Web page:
Slipping away

As Tom sat at the gate-legged table things were slipping away. 

His memory was not what it used to be, starting with the names of people he had known for years, and who now scrambled themselves up together so that he thought he was talking to one when actually he was with another altogether. Why the bemused looks? He knew exactly who he was with. 

His children’s childhood had slipped away too. He thought of them more as friends now. He saw one or other of them most days. They made fun of his odd little ways, which he had always had, but which were emerging from their privacy more regularly nowadays. He’d taken to eating out every night because he had never cooked anything and had no interest in learning, and because he hated eating alone in the house. It always felt like being stood up every evening there. 

Restaurants encouraged the odd little ways to come out.  On his arrival at the Indian a pile of poppadoms and a tray of chutneys appeared swiftly at the table with a small bowl, warmed. He liked to eat out of a bowl. He had got this from the only other restaurant he went to, a Chinese. He would linger at this stage, prolonging the time away from the house. Once he’d ordered the main course the waiter would reach to take away the menu. He would snatch it back. He liked to keep it at the side of his plate for the rest of the meal. You never knew when you might want to consult it. He once asked for soy sauce to go with his chicken tikka (starter size). The young waiter had tilted his head to one side. He probably didn’t know what soy sauce was. Whatever the meal or restaurant, Tom always finished with one… yes ONE scoop of vanilla ice cream please. Variety might be the spice of life, but not when you were eighty seven.

His daughter had a thing about his wardrobe which had taken on an enduring quality. A purple jumper,  which now hung generously about him, could appear every day for a month. Years ago he had sported a pair of towelling swimming trunks on the Thanet beaches for close on a decade.  In the end his wife Mary had spirited them away to a neighbour’s rubbish bin. He had searched high and low for them. He had given up swimming (and beaches) shortly after that.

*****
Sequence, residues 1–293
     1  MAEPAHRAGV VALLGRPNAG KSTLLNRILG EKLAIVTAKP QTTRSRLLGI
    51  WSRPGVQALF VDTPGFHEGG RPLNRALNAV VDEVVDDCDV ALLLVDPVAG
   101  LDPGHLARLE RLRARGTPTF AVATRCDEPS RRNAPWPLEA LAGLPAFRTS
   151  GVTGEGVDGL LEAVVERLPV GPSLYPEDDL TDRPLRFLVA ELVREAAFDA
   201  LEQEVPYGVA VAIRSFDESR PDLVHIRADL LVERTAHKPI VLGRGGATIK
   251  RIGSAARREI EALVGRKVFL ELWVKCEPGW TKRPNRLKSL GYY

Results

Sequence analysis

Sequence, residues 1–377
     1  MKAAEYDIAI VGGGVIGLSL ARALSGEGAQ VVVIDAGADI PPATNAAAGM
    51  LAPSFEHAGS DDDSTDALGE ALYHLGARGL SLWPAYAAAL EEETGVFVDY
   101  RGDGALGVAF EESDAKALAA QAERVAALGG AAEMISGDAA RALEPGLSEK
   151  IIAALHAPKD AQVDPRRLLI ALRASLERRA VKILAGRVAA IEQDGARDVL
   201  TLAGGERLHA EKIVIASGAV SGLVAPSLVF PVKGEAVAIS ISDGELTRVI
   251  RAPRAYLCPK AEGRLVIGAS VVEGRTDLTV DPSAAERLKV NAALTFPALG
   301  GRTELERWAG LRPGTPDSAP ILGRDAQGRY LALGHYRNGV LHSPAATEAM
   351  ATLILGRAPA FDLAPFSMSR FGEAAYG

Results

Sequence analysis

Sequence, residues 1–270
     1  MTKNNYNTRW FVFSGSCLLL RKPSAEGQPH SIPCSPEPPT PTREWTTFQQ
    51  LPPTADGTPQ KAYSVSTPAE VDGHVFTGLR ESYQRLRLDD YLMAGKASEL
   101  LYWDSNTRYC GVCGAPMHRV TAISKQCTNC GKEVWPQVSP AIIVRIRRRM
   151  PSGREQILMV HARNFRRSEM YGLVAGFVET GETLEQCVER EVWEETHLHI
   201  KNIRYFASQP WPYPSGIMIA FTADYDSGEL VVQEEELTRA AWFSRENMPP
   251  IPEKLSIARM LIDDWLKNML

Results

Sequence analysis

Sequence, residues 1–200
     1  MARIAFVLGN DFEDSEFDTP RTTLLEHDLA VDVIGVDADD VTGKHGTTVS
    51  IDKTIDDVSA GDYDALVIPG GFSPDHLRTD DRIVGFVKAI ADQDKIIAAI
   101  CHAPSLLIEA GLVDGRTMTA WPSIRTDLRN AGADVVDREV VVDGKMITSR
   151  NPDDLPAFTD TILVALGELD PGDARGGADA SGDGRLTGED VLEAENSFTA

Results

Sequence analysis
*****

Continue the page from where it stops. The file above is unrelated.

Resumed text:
Around him in the dining room the dark green wood chip wallpaper was bare, the Welsh dresser’s shelves empty, the occasional tables unladen, the life sucked off them. And he was alone. Mary had died three years before suddenly. This was good for her but not for him he told people in the pub.  She was an angel. Her domain was the home and she ran it really well. He had never before lived on his own. 

At first he couldn’t imagine what he was going to do all day. When it turned out to be not very much he settled into it without self-examination. The afternoons dragged. He would sit in front of the TV with the twenty-four-hour News Channel on (sound off). The highlight of the day was at six in the evening when he went to the pub which he and Mary had frequented together for twenty five years. Now even their friends there had started to slip away. 

After three years of this he was in a rut. He was going through the motions. So he was delighted when his daughter and son-in-law suggested they have his house enlarged, and sell theirs, and move into his place with their three teenage kids. He would move in with them while the works at his were completed. They could take care of him and he wouldn’t be lonely anymore. They would all be together. Light at the end of the tunnel at last. But now the solitary period of his life was slipping away to nothing he had become more anxious about it all. A new bed would never be as comfortable as his own. There was his bad back to think of. He was fine here really. So now his home was slipping away as well. He didn’t know if he was coming or going. People at the pub asked him when he would be moving out for the work. He couldn’t remember. Or he wouldn’t remember.

He lifted his head from his hands and saw a fresh spring gust of wind detach the last dead leaves from the Sycamore trees at the end of the garden. They settled on the bushy grass. 

There was a knock on the front door, a key in the lock, and someone came in. He looked round.  

“Hi Daddy… you ready?”

“Oh… Hello darling… Sorry,  I wasn’t expecting you…Am I ready for what?”

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